What is grey water?
Greywater or sullage is domestic wastewater generated in households or office buildings from streams free of faeces, i.e., all streams except toilet wastewater. Sinks, showers, baths, washing machines, and dishwashers are all sources of greywater. Greywater is usually safer to handle and easier to treat and reuse onsite for toilet flushing, landscape or crop irrigation, and other non-potable uses because it contains fewer pathogens than domestic wastewater. Greywater may still contain pathogens from soiled clothing or cleaning the anal area in the shower or bath.
Can grey water be reused?
Global water resource availability is deteriorating. According to one report, water scarcity will affect 2.7 billion people by 2025, affecting one out of every three people on the planet. Reusing greywater has proven to be an effective solution to this problem, and wastewater reuse is also known as recycled or reclaimed water.
Is using grey water legal?
Reusing greywater is legal in many states that are prone to drought. There is a risk associated with greywater, and it is much easier [for regulators] to say no than it is to say yes to something they are unfamiliar with. It's a mental shift and a shift in how we've viewed water for a long time.
When you live in a state where there is a scarcity of water or a drought, it is easier to persuade people to try something new. In states where grey water usage is legal, one must strictly adhere to the guidelines.
There are restrictions on the number of organisms that can be present in the water as part of its irrigation water quality requirements, so disinfection, as well as a permit, are usually required to use greywater for irrigation.
How to reuse grey water?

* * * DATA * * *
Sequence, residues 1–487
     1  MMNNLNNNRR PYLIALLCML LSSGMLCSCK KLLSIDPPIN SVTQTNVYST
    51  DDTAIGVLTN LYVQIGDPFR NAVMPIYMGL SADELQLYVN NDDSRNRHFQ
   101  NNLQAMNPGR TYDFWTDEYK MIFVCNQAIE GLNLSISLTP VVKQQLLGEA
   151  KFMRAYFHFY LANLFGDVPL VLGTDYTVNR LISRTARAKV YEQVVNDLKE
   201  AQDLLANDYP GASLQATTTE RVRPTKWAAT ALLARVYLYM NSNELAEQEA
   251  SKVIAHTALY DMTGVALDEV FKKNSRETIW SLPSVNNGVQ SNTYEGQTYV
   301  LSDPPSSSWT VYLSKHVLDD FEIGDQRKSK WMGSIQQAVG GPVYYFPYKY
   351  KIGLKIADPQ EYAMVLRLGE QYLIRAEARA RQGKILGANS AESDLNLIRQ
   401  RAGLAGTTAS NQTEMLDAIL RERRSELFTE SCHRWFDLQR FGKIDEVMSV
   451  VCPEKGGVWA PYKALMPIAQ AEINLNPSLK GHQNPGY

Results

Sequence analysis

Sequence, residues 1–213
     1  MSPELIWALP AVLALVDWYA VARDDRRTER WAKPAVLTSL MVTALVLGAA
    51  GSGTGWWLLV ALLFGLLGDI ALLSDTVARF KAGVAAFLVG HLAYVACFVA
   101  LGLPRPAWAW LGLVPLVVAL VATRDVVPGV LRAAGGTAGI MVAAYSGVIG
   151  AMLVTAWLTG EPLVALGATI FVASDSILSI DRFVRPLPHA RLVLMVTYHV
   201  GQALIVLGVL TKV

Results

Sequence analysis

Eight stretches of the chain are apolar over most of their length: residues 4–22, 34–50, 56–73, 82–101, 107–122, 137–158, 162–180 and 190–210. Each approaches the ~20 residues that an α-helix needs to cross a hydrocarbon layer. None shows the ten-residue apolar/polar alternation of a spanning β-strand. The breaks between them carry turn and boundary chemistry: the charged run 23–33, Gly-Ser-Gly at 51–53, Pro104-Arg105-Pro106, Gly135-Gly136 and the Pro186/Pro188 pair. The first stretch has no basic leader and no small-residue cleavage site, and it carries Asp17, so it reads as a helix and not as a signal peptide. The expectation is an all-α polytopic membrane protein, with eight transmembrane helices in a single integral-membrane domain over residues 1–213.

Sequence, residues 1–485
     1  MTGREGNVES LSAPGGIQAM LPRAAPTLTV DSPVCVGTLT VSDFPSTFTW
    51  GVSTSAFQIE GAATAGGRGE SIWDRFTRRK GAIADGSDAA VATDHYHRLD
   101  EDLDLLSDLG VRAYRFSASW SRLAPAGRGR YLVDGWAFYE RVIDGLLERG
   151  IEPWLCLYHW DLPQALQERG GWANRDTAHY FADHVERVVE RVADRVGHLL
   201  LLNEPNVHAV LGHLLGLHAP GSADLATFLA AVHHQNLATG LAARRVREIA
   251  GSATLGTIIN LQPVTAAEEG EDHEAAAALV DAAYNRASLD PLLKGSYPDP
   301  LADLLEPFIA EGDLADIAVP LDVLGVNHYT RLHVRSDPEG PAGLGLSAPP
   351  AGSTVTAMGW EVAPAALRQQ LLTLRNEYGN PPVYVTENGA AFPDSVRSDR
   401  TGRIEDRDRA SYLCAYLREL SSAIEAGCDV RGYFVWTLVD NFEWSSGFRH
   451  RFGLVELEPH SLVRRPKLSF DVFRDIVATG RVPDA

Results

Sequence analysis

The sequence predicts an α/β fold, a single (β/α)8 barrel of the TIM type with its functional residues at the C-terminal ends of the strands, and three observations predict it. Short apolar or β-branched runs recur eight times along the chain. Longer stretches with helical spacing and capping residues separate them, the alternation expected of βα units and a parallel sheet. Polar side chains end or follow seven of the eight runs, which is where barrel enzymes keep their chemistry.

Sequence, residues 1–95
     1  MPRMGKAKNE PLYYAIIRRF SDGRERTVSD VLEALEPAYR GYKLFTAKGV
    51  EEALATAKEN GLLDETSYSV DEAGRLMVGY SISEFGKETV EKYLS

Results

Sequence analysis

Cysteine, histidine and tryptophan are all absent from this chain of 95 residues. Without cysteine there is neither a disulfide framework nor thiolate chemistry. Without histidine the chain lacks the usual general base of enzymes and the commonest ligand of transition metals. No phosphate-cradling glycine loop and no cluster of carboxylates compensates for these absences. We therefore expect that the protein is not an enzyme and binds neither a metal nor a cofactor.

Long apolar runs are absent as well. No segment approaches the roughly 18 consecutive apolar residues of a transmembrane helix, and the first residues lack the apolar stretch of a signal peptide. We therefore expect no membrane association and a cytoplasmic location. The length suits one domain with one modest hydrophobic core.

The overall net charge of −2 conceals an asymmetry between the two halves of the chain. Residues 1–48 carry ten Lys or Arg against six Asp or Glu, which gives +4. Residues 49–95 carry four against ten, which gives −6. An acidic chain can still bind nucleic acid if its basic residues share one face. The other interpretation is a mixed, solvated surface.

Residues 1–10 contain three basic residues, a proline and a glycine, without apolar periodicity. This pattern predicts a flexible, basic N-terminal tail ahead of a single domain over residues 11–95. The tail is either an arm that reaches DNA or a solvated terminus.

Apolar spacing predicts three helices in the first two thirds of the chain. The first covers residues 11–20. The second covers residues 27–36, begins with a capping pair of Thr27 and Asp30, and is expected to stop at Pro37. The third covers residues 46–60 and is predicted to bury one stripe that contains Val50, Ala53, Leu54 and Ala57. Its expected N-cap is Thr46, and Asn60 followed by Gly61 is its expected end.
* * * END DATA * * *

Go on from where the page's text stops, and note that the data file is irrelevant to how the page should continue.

If you want to reuse greywater for irrigation, you must use plant-friendly products, or those that don't contain a lot of salt, boron, or chlorine bleach, which can harm plants. Greywater reuse in urban water systems has significant benefits for both the water supply subsystem, which reduces the demand for fresh clean water, and the wastewater subsystem, which reduces the amount of wastewater that must be conveyed and treated. Greywater can be used for a variety of purposes, including toilet flushing and irrigation.
Greywater should be applied below the surface whenever possible (e.g., via drip line on top of the soil, under mulch, or in mulch-filled trenches) rather than sprayed, as inhaling the water as an aerosol poses a risk. To reduce pH, soils watered by greywater systems can be amended with gypsum (calcium sulphate). Ammonia-containing cleaning products are safe to use because plants can use it to obtain nitrogen. Some greywater may be applied directly from the sink to the garden or container field, where it will be treated further by soil life and plant roots. To protect vegetation when reusing greywater for irrigation, use non-toxic and low-sodium soap and personal care products.
For the average household, a greywater system could save up to 30% on water consumption.
· Eliminates the risk of biological contamination.
· A cleaning tank is used to remove floating and sinking items.
In certain dwellings, greywater recycling without treatment is used for applications where potable water is not required (e.g., garden and land irrigation, toilet flushing). It may also be used in dwellings when the greywater (for example, from rainwater) is already relatively clean and/or has not been polluted with non-biodegradable chemicals such as non-natural soaps (thus using natural cleaning products instead).
It is not recommended to use water that has been in the greywater filtration system for more than 24 hours because bacteria can grow and affect the water.
For more details, contact us at Netsol Water.